Surprise here now, on the next page he talks about..a "bastard " Lafites, to borrow, without impoliteness, the term applied technically to lower class Montrachet-Lafite-Carruades- which had been originally bottled in or for Ireland.....Irish claret.

One very much preferred it to what one used to be called "Scotch claret" a generous and potent...liquor, sold without name of vineyard and suggesting a considerable admixture of the black wines of Cahors or there abouts.

Page 54.....if Claret is the queen of natural wines, Burgundy is the king.

Just my 2cents worth I guess, back to feeding the horses!!!
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Re: cuvee and meritage?

by Bob Ross » Fri Jan 26, 2007 1:36 am

Thanks, Bob. I had forgotten George Saintsbury. He is one more authority supporting the proposition that wine from Bordeaux was often mixed with wines from other areas of France to create a Bordeaux wine.

His discussions of "Scottish Bordeaux" and "Irish Bordeaux" are also very interesting. There were certainly two levels of Bordeaux exported into Scotland -- the very best, in part because of the historically close relationship between France and Scotland. The great majority of that level of Bordeaux was smuggled into Scotland to avoid ruinous duties designed to force the Scots to drink Port.

A couple of the sources I've found discussed another level of Bordeaux that sold quite cheaply and because of its method of transport was probably not a red wine, but white, and from Gascony and the Languedoc, although it passed through the City of Bordeaux and was called variously French or Bordeaux.

Some of this type of Bordeaux was also imported into Ireland. But there are a number of references to wine that had been spoiled in the cellars of Bordeaux and London being exported to Ireland for sale there.

All very fascinating reading I must say. Thanks for reminding me.

Regards, Bob
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Re: cuvee and meritage?

by Bob Ross » Fri Jan 26, 2007 1:43 am

I've been puzzling over the information from the press office of the EU in London about the protected Claret. The enabling legislation appears in the Official Journal of the European Union, 17 sept 05, ie: COMMISSION REGULATION (EC) No 1512/2005 of 15 September 2005 amending Regulation (EC) No 753/2002 laying down certain rules for applying Council Regulation (EC) No 1493/1999 as regards the description, designation, presentation and protection of certain
wine sector products.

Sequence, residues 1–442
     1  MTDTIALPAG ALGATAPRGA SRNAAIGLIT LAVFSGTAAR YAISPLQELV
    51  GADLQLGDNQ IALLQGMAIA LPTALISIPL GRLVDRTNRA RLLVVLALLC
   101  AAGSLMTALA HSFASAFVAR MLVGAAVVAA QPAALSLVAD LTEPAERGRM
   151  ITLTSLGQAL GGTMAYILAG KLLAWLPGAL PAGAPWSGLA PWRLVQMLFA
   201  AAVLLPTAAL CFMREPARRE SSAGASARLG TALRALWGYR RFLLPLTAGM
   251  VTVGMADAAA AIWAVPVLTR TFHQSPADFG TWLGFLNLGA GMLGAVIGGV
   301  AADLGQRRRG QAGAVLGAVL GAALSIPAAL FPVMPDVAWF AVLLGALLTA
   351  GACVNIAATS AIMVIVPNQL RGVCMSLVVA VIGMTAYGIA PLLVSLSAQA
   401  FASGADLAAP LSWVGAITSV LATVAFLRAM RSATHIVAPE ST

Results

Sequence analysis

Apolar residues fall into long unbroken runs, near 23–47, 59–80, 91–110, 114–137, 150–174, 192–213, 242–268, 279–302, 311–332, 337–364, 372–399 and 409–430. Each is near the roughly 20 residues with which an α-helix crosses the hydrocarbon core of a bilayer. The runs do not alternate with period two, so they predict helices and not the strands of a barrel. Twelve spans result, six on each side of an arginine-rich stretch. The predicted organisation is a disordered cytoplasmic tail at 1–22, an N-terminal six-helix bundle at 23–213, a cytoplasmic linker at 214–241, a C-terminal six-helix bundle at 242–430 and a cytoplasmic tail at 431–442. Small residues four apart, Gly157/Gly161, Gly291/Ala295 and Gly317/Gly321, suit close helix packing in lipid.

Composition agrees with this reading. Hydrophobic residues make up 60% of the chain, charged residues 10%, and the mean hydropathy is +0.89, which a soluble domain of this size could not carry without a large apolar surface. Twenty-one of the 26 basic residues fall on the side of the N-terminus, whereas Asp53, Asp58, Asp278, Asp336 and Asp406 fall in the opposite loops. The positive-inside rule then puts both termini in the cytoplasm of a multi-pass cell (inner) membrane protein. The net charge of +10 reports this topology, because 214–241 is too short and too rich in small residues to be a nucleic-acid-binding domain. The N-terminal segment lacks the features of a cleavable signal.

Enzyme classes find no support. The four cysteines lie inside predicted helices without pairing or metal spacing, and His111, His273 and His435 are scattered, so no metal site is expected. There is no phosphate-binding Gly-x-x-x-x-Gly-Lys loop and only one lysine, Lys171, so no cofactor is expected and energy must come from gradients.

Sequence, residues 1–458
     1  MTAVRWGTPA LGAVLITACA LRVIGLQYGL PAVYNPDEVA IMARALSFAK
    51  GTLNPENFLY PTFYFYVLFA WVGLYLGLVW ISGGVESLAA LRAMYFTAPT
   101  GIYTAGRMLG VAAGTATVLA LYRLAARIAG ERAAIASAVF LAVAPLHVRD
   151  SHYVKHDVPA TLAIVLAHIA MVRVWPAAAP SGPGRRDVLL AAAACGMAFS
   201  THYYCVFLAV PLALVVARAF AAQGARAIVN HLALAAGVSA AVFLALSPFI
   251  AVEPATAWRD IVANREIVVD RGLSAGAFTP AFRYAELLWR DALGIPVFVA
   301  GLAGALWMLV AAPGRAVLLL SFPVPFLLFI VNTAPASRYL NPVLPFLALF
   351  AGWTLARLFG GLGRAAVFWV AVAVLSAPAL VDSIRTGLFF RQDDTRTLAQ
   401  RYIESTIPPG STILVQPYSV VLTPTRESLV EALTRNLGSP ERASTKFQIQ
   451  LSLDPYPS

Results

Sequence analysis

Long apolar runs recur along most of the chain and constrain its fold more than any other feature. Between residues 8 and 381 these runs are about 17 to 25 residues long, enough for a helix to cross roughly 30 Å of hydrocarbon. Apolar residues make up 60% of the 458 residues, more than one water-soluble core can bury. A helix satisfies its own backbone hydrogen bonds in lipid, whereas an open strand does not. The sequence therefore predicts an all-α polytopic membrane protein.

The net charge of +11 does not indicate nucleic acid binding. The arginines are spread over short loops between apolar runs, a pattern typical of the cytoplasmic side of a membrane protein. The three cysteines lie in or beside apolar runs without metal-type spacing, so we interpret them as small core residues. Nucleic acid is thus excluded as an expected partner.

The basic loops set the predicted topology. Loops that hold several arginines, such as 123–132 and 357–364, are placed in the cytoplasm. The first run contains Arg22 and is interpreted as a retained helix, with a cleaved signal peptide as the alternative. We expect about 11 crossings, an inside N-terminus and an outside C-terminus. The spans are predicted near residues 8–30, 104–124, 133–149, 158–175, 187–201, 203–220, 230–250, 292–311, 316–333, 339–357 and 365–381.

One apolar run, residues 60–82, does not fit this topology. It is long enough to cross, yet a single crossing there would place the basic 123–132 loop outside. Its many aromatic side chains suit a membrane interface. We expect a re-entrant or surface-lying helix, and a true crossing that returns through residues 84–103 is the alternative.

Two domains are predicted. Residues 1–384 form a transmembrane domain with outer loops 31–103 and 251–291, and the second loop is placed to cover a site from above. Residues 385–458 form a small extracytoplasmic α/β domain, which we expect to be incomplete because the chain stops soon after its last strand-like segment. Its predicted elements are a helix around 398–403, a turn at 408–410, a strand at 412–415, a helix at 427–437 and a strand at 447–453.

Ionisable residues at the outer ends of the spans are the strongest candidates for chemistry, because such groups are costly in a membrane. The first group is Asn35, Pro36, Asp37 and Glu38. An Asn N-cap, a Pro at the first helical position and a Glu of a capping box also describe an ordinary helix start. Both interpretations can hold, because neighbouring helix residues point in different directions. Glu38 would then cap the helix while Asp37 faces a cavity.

p 241/29 of this document lists ‘claret’ as a protected ‘traditional expression’ within Bordeaux.

I hadn't focused on the words as a lawyer, but have been able to determine from a friend who tries to make sense of EU rules for a living that I missed the significance of the "within Bordeaux" wording. He says that the name of the wine must be tied to the physical location where the grapes are grown under the general principles of place at work in the EU for all protected names. Thus "Clairet" and its English language equivalent "Claret" are limited to wines that are known "within Bordeaux" by those names.

Other, darker types of Bordeaux, were not named Claret "within Bordeaux" and thus that name for those wines is not protected. "Vin de Bordeaux", of course, would be so protected on the same analysis.

Regards, Bob
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Re: cuvee and meritage?

by Bob Parsons Alberta » Fri Jan 26, 2007 2:36 am

Thanks Bob.......George Saintsbury is de man!! There is a whole bunch of other interesting stuff I will post here reference claret. His letters are very apt for this thread eh

There is also some informative thoughts on Hock!!! Bob R, see what you have started!!!!!!
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Re: cuvee and meritage?

by Steve Slatcher » Fri Jan 26, 2007 10:03 am

Bob Ross wrote:[Saintsbury's]discussions of "Scottish Bordeaux" and "Irish Bordeaux" are also very interesting. There were certainly two levels of Bordeaux exported into Scotland -- the very best, in part because of the historically close relationship between France and Scotland. The great majority of that level of Bordeaux was smuggled into Scotland to avoid ruinous duties designed to force the Scots to drink Port.

Was it Saintsbury saying that was the purpose of the duties? And were the duties imposed only on Scotland? I am certainly aware of high duties on French wine, compared to those on Port for example, but did not realise that the British government was targeting Scottish drinkers.
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Re: cuvee and meritage?

by Thomas » Fri Jan 26, 2007 10:11 am

Bob,

Don't know if you've already posted this--and I ain't going back to look! But, page 273 of Shaw's second edition he quotes professor Francois-Michele, a Bordeaux historian: "...the name is stated to be dervied from clare (accent over the e)--a drink prepared in Bordeaux for the English when they possessed that district."